Jim “Motorhead” Sherwood, standing, top left
Sad to hear that Jim “Motorhead” Sherwood, one of the original Mothers of Invention (atonal saxes, nasal noises, tambourine, vocals), died on Christmas day, at the age of 69.
As reported in The Guardian, Sherwood:
... was a member of Frank Zappa’s original Mothers of Invention. He appeared on all the group’s early albums, up to and including Weasels Ripped My Flesh (1970), as well as on Zappa’s solo disc Lumpy Gravy. He later performed with the Grandmothers, a group of musicians who had accompanied Zappa during different phases of his career.
Born in Arkansas City, Kansas, Sherwood first met Zappa in 1956 when both of them were attending Antelope Valley high school in California. Sherwood was in the same class as Frank’s brother: “Bobby found out that I collected blues records and he introduced me to Frank, and Frank and I sort of got together and swapped records.”
At the time, Zappa was already in a band called the Blackouts, but this soon disintegrated. Then the brothers moved to Ontario, California, and started a new band, the Omens, which also included Sherwood. He would regularly jam with Zappa in a string of different groups, and eventually, in 1964, the Mothers. The following year, the band signed a recording contract with MGM records, and set about the lengthy process of recording their first album, Freak Out!, with producer Tom Wilson. At the time, Sherwood was not a fully fledged member of the band, which changed its name to the Mothers of Invention. He described his role on Freak Out! as “just making sound effects on some of the songs”.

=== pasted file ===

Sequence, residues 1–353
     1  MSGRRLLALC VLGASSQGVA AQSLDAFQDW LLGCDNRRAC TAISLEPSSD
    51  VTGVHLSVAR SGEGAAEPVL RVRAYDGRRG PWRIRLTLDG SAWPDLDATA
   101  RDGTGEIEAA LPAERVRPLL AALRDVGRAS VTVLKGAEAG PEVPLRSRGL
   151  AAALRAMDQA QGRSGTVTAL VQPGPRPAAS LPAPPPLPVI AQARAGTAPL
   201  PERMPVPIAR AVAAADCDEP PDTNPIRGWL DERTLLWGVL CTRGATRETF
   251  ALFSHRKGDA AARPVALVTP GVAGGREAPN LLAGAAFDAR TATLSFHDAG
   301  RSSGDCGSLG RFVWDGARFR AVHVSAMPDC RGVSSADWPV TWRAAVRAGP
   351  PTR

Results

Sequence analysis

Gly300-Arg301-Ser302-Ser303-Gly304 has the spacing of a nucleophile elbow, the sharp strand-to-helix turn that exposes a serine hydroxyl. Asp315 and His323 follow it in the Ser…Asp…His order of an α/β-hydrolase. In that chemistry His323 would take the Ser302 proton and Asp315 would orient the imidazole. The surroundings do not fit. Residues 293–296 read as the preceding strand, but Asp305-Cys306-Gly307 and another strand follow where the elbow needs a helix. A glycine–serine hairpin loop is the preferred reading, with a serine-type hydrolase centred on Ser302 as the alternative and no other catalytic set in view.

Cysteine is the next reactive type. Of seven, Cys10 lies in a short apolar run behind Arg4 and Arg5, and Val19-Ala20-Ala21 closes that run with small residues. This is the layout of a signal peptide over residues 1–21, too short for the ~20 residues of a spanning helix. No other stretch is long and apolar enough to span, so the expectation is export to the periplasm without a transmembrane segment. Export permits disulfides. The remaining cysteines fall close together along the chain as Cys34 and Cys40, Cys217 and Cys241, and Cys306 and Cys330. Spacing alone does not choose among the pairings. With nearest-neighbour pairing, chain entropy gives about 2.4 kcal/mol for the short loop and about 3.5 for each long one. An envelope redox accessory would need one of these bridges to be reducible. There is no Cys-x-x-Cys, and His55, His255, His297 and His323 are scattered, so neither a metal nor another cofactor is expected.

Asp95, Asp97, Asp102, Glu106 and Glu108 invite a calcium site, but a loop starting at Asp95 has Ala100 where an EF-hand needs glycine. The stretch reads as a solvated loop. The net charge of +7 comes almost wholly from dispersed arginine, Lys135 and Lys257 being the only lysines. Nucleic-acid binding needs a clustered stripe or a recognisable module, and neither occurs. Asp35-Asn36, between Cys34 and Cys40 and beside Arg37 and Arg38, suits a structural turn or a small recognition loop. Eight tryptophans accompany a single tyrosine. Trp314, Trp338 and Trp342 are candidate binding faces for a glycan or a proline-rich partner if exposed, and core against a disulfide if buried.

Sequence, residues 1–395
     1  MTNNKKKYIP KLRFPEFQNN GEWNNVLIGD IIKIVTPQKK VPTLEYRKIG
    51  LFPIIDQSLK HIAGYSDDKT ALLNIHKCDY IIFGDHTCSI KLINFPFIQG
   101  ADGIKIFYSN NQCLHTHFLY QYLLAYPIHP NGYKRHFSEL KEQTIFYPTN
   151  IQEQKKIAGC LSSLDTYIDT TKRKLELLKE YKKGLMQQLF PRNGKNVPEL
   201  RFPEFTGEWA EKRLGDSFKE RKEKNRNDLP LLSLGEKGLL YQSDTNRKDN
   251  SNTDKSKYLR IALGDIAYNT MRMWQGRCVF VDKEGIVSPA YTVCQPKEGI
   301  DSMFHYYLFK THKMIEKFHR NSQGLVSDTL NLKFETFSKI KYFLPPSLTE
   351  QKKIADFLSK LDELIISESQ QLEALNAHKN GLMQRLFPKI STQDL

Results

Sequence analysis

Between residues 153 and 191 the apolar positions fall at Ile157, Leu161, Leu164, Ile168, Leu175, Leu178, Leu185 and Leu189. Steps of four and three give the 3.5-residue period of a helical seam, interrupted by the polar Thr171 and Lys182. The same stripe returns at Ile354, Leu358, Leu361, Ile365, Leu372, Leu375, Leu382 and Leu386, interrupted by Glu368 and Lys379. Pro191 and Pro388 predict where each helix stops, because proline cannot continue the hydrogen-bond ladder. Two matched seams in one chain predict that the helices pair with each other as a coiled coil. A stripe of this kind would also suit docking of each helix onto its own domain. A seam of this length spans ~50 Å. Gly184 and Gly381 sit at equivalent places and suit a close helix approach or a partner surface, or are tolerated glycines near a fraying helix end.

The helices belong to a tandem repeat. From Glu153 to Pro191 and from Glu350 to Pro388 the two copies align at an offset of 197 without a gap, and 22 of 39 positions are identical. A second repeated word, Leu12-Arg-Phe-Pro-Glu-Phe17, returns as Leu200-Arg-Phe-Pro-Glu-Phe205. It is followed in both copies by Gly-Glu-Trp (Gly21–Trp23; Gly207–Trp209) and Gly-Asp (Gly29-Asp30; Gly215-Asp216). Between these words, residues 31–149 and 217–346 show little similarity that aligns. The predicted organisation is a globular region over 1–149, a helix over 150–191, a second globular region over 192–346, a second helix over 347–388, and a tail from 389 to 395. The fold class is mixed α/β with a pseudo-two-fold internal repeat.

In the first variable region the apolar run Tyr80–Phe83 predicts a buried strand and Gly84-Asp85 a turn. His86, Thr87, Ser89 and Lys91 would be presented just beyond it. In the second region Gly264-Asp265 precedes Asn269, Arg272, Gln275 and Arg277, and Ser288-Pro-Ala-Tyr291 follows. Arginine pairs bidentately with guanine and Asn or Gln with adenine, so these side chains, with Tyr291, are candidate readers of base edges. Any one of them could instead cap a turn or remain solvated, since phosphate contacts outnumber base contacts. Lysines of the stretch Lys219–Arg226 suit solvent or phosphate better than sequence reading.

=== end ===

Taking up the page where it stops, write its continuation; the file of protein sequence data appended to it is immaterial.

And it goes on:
After the album’s release in June 1966 on MGM’s Verve label, the band went on tour, then in November that year took up a six-month residency at the Garrick theatre in New York, during which they played 14 shows a week. Sherwood was working for the band as equipment manager and roadie, and sometimes operated the lighting during the Garrick shows. These were a bizarre mix of music and performance art, featuring puppet shows and interludes when the band would pelt the audience with fruit.
It was when the Mothers made their first trip to England, in mid-1967, that Sherwood was finally hired as a full-time musician. It was the band’s vocalist and percussionist Ray Collins who gave Sherwood the nickname “Motorhead”, through his love of working on cars and trucks and motorcycles: “He said ‘it sounds like you’ve got a little motor in your head’, so they just called me Motorhead and that seemed to stick.”
Sherwood contributed on baritone and/or tenor saxophone, and sometimes percussion and vocals, to Absolutely Free, We’re Only in It for the Money, and the doo-wop album Cruising with Ruben & the Jets, taking in the Zappa solo album Lumpy Gravy en route. Zappa disbanded the original Mothers of Invention in 1969 for financial reasons and what he perceived as public apathy, but Sherwood appears on the albums Uncle Meat, Burnt Weeny Sandwich and Weasels Ripped My Flesh, recorded before the split but released subsequently.
Jim Sherwood obituary (The Guardian)